By SCOTT MILLER
Health insurance benefits for Mehlville Fire Protection District employees will re-main unchanged from last year, but the district will pay $438,969 less than projected.
The Board of Directors last week approved a health insurance plan from United Health-Care, the district’s current provider, that would boost insurance costs 6.8 percent, or $95,043, to $1.49 million for fiscal 2005.
When six more employees are hired to re-staff a fifth ambulance, the total cost will be $1.56 million, according to figures provided by Chief Ray Haddock.
Still, the district will save $438,969 on health insurance based on the $2 million that originally was budgeted for fiscal 2005, Comptroller Jeff Geisler said. Insur-ance cost $1.39 million last year.
The district provides medical, vision and dental insurance with 100 percent dependent coverage for its employees. Because co-payments and deductibles will remain the same as last year, employees will not have any additional out-of-pocket costs. In-surance costs $11,311 per employee.
The board accepted United HealthCare’s proposal over a bid submitted by Blue Cross Blue Shield that was $65,000 less.
The board rejected that plan because, in part, health-care delays could have oc-curred. Blue Cross must pre-approve care before paying, while under United Health-Care’s plan, employees can obtain medical attention immediately without the company’s approval.
Chairman Tom O’Driscoll made the motion to accept United HealthCare’s offer, a recommendation from the firefighters’ union. Treasurer Dan Ottoline was absent and Secretary David Gralike — the only other director — reluctantly seconded O’Driscoll’s motion.
“Obviously United HealthCare feels very comfortable with our business. I mean competition is what drives down price,” Gralike said. “If we’re not able to drive down prices with competition (next year), I feel uncomfortable with that.”
The district solicited 10 companies for proposals, but only two replied. Gralike feared chasing away Blue Cross’s less expensive proposal would deter the company from submitting bids next year.
Paul Wirth, an insurance consultant with J.W. Terrill, said insurance companies have short memories and would be more concerned with districts that annually flip-flop insurance carriers. He also said if the board wanted Blue Cross’s plan, it needed to accept it soon to allow time to switch insurance providers before the district’s current insurance with United expires in February.
“As from the union’s perspective, we would still like to remain with United HealthCare,” said Chris Francis, president of Local 1889 of the International Associ-ation of Fire Fighters. “United HealthCare has just been wonderful for all of us.”
Gralike said, “I know that everybody’s happy with United HealthCare. I second (the motion) and I certainly hope that we’re going to have competition next year.”
The board also renewed its dental plan with Essex Dental for $120,267, the same amount it paid last year. Essex’s original bid was an 8 percent increase to $129,267, but the company dropped the increase in its second quote.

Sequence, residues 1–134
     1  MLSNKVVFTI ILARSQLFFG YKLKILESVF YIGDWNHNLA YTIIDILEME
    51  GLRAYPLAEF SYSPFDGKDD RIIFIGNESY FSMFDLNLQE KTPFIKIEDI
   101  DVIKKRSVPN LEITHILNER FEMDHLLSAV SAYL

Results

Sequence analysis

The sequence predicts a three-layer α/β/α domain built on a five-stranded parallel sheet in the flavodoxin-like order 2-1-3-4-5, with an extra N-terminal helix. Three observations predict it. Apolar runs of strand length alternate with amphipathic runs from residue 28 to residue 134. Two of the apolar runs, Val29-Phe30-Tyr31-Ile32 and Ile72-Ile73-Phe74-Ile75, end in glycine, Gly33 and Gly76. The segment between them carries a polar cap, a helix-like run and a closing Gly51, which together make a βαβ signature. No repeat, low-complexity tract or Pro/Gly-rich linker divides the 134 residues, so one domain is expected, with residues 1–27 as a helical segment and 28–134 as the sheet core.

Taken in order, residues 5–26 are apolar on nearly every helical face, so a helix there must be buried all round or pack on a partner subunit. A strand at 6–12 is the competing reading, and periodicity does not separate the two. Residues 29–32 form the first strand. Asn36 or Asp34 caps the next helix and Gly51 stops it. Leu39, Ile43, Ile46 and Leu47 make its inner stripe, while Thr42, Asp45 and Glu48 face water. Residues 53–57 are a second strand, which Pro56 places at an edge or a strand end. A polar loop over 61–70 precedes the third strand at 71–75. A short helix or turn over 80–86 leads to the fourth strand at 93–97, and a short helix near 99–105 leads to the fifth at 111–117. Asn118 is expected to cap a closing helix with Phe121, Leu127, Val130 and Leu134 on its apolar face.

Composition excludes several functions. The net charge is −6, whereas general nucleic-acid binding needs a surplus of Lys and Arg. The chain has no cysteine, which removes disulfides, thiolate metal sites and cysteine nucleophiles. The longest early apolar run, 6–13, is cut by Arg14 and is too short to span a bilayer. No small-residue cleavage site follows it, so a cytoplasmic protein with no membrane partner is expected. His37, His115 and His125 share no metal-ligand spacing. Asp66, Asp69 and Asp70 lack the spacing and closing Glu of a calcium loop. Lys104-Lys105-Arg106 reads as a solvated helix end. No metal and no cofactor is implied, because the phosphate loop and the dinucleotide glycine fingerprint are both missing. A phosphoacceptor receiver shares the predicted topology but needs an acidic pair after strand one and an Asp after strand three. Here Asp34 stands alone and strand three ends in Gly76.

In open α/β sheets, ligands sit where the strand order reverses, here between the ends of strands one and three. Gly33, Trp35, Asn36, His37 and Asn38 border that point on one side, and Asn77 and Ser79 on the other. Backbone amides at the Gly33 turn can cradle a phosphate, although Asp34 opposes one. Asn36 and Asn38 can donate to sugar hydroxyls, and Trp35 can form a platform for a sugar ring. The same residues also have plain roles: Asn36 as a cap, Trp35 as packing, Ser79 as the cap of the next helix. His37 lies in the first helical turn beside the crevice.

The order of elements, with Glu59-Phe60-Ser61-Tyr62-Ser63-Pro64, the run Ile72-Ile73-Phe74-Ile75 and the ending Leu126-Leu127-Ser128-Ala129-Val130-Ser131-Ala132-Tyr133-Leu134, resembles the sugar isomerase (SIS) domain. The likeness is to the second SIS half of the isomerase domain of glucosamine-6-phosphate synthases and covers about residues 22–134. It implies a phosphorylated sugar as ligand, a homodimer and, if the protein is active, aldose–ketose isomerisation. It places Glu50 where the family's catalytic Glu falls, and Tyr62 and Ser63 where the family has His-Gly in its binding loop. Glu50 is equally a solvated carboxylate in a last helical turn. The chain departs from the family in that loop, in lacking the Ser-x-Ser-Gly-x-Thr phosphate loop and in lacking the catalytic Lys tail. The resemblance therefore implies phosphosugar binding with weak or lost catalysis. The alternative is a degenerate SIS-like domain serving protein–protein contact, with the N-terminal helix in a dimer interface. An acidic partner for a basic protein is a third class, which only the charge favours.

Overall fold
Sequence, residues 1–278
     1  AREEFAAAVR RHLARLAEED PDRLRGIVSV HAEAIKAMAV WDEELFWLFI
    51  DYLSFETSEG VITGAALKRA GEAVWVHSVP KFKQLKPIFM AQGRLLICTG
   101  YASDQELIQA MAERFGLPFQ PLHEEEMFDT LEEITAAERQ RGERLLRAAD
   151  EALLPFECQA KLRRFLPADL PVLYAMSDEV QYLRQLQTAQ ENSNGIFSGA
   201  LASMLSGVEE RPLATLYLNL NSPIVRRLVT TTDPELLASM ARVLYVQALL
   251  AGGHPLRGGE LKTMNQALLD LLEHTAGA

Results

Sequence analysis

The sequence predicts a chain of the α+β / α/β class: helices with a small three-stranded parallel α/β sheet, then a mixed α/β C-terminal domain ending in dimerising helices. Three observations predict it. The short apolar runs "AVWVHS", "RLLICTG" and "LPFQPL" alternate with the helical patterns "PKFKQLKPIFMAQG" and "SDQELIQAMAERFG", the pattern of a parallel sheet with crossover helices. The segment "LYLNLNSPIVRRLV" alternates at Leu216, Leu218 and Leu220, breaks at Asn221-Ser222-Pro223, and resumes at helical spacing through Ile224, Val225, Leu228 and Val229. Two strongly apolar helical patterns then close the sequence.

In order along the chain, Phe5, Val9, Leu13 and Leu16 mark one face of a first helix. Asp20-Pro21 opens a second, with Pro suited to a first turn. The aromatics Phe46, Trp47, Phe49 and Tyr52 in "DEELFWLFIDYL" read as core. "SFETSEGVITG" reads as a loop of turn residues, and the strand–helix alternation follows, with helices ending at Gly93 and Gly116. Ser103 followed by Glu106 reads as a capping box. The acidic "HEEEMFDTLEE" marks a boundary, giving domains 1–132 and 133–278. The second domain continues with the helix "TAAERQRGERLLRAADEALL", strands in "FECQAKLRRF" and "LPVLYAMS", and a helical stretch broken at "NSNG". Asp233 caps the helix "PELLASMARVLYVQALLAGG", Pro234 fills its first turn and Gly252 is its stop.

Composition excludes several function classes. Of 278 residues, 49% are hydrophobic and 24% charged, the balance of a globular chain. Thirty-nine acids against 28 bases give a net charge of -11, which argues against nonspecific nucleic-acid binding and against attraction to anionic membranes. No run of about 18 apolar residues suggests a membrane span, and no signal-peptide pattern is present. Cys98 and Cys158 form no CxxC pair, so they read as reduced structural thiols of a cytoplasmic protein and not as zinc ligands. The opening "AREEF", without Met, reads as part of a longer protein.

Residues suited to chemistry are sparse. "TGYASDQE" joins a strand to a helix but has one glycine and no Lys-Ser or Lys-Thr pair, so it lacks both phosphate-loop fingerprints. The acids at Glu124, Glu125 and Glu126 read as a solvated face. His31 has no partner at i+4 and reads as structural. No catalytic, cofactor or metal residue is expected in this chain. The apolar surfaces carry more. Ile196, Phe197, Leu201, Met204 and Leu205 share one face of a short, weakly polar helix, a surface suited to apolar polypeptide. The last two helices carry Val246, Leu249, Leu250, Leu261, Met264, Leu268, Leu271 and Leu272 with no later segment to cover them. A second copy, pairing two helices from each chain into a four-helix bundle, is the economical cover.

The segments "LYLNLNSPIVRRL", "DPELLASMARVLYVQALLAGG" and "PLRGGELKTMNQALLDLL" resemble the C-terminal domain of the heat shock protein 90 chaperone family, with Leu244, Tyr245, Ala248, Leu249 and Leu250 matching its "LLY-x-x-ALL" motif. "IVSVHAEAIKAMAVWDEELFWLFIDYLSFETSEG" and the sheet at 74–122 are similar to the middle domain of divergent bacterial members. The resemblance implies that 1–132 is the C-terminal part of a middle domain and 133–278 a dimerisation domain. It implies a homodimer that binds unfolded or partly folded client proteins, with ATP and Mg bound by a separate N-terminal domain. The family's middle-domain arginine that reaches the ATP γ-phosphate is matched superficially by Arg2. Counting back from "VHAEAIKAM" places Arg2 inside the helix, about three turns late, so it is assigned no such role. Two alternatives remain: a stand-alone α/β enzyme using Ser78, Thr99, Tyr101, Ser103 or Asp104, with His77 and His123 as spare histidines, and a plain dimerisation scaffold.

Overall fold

The district could have saved another 1 percent on its health insurance with United, or about $15,610, had it chosen United to provide dental insurance. United’s plan cost $10,000 more than Essex, however, meaning slight savings. Plus, the network of dentists was smaller, possibly decreasing services, Haddock said.
On the health insurance, United originally submitted a bid with a 7.9 percent increase in insurance costs, but reduced the cost in its second quote. Blue Cross cut its cost increase by 3 percent in its second proposal, making its bid $65,000 cheaper than United.
But Wirth and board members raised several concerns about Blue Cross. Both companies customized health plans for the Mehlville Fire Protection District.
“United HealthCare will renew its plan as old benefits existed,” Wirth said. “They agreed to design a plan to accommodate the same benefits you have now … so that’s a good thing.
“Blue Cross Blue Shield didn’t use its canned service,” he said. “They customized service for the Mehlville Fire Protection District to equal United HealthCare.” But when working with Blue Cross for other districts, Wirth said the company experienced computer glitches that disrupted service in rare occasions because they weren’t using their normal “canned” services.
Wirth said he would work to ensure service wasn’t disrupted if the board chose Blue Cross, however.
With United HealthCare, the district still will not experience the large spike in insurance costs Geisler predicted and district employees will not pay more out of pocket for their health insurance.
During meetings of the district’s Fire District Advisory Committee for Tomor-row’s Emergency Services, or FACTS, last summer Geisler projected that insurance costs would jump by 19 percent annually.
After meeting for nearly two months, the committee recommended seeking a 33-cent tax-rate increase, which voters approved in November. With Geisler predicting a much larger cost increase, board members were pleased with the original bid and even happier with the second bid, which will save them $438,969. Wirth said the current economic market is driving down insurance costs.
“For years we’ve been budgeting for high premiums. It’s nice to finally get the benefit of an apparently shifting market,” O’Dris-coll said.
“It just makes me wonder why with ’04 trends United HealthCare would be so reasonable,” he said, referring to a spike in Mehlville insurance claims during 2004 that cost United HealthCare money.